lead them astray that the flock may expect to be cared for and protected.
It is significant that the attribute of God to which the OT returns again
and again is his compassion: his tenderness and his ability to be touched
by the pain and grief of his people. His transcendence and almighty
power are never forgotten, but it is his compassion to which they
return with wonder again and again.

Israel is assured of their coming restoration in 49:13-26. God answers the doubts of his people as to whether or not they have been abandoned, assuring them that he could no more forget them than could a mother the child at her breast. David Payne writes, “The present oracle responds to such despairing plaints with a message of miraculous hope.” Isaiah predicts the time when the Mighty One of Jacob will be their warrior and thus prove himself to be their Deliverer and Redeemer. Isaiah contrasts the sin of the Jews with the obedience of the servant in chapter 50. He opens the chapter reiterating God’s loyalty to his people by implying that he has not divorced them. It was because of their sins that the Jews experienced slavery, not because God had abandoned them. Obedience, suffering, and quiet confidence mark God’s servant.

The believing remnant will be exalted according to chapters 51-52:12. The text develops the theme of everlasting salvation of the people of God in nine strophes (51:1-3,4-6,7-8,9-11,12-16,17-23; 52:1-2,3-6,7-12) connected by the repetition of imperatives (listen, 51:1,4,7,21; 52:8; look, 51:1-2; awake, 51:9,17; 52:1; and depart, 52:11). The Lord wants the full attention of his people. He will be faithful in the present and future just as he was faithful in the past. His salvation will last forever. The idea of God’s righteousness is developed in this chapter. God will comfort his people, set the cowering prisoners free, and cover them with the shadow of his hand. He has taken away the shame of their sin and will take vengeance on their tormentors. The Lord has “sovereignly and graciously exchanged the shame of their exile and alienation for the glory of his presence.” The prophet exulted in the good news he brought to the people. When God brings redemption, his people will burst into joyful songs because of his comfort and redemption. As the Jews leave Babylon and in God’s people’s eschatological release and return, they are to confidently leave, knowing that God goes ahead of and behind them. Hughes writes,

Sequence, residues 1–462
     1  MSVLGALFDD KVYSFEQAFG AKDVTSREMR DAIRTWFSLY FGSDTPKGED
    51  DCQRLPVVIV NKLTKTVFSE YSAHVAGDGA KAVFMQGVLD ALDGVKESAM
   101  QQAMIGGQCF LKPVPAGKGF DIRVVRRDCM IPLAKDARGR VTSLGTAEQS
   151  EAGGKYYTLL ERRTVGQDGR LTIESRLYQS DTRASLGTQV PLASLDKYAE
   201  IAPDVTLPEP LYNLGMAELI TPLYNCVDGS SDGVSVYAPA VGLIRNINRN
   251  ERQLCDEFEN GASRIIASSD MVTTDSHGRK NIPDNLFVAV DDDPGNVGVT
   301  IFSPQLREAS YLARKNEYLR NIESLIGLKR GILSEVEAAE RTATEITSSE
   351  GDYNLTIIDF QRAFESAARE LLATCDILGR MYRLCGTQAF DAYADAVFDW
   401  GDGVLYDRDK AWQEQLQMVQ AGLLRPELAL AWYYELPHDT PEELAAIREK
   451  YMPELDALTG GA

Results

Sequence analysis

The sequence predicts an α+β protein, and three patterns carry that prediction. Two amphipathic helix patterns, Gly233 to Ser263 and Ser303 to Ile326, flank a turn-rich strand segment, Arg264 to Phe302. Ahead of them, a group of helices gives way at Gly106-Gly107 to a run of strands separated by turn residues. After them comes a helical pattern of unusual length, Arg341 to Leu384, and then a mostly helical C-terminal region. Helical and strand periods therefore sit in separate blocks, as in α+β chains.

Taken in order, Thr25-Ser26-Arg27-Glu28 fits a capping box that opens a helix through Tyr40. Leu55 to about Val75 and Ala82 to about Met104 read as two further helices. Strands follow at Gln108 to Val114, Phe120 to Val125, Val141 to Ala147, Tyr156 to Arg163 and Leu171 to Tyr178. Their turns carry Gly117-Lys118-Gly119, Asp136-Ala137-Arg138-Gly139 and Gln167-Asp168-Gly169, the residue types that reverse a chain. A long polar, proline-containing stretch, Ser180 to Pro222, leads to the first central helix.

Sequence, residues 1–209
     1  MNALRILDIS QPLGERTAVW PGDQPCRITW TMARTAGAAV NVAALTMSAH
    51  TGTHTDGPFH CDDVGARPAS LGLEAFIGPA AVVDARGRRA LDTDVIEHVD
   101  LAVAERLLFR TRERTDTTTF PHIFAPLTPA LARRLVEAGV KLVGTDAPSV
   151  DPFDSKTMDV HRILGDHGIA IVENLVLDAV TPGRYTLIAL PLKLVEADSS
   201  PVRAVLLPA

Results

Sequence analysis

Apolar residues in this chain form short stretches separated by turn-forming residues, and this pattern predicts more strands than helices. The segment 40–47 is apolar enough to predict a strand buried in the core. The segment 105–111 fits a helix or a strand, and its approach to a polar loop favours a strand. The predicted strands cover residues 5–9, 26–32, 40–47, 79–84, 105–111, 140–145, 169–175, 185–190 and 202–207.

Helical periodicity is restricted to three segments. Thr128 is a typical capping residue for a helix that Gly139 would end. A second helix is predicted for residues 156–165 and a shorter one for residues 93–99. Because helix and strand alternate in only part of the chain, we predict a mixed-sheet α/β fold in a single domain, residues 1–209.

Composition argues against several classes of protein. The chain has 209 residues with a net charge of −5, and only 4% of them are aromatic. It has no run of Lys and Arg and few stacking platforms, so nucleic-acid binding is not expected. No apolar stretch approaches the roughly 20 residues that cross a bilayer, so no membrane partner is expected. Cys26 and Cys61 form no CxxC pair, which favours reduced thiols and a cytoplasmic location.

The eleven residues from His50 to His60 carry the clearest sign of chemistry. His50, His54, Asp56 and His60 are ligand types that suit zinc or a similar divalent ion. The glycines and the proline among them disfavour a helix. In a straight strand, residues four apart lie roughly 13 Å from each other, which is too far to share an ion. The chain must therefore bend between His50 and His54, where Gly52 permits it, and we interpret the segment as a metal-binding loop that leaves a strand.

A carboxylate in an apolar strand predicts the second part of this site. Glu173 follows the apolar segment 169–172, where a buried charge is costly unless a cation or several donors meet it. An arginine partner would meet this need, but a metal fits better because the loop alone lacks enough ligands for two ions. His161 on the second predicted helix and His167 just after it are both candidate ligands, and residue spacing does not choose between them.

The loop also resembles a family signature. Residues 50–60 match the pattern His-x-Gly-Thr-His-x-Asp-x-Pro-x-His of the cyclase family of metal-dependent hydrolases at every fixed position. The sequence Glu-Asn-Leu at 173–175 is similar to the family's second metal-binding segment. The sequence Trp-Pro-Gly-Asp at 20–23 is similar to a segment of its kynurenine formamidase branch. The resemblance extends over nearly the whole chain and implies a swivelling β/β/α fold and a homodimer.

Which city will be our home, our identity – Babylon or Zion?
The people of God cannot remain as they are. Israel had to
leave Egypt. The exiles had to flee Babylon. We too, must
decide and get moving. . . . Isaiah gives us two reasons
to remake our lives into a holy pilgrimage, spreading the
good news as far as we can (52:12). First, our motivation
is not panic but confidence, not loss but gain. Secondly, we
have God himself as our strong escort all the way. He is
on the move. He goes before his people in victory and
follows after to guard the stragglers. His loving presence
surrounds us. We have no reason to stay put, and we have
two good reasons to press on.

Isaiah reveals the servant as a suffering one who will be exalted in chapters 52:13-53. The centerpiece of this entire six-chapter section (49-55) is chapter fifty-three, picturing God’s people as suffering servants and prophetically pointing to the slain Lamb of God. In these sixteen chapters, Isaiah “envisions the renewal of a remnant united behind the servant.” The Lord Jesus Christ is prophecied with detail in this the last of the four Messiah/Servant Songs: “This section contains unarguable, incontrovertible proof that God is the author of Scripture and Jesus the fulfillment of messianic prophecy.” The Servant Song offers hope to hurting people, testifying,

“Surely he took up our infirmities and carried our sorrows. . . .But he was pierced for our transgressions, he was crushed for our iniquities; the punishment that brought us peace was upon him, and by his wounds we are healed. ” The healing God provides through the atonement is understood in a wholistic sense here: the healing of the person, restoring wholeness and completeness.

Salvation is prophesied as coming to the Jews and Gentiles in chapters 54-55. Israel can rejoice in the results of the suffering Servant’s redemption. The glory of the Lord will be revealed, barrenness will transform into fruitfulness, and fear and shame will be replaced by peace and rejoicing. Israel will be regathered and saved. Chapter 54 speaks of Israel’s numerical growth (1-3), her regathering (4-8), her security (9-10), and her peaceful future (11-17). People who have endured oppression will revel in the unfailing love of the Lord and not be shaken. Isaiah invites the entire world in chapter 55 to come to the Lord for salvation. An everlasting covenant is described. The effects of sin will be reversed and God will redeem his people.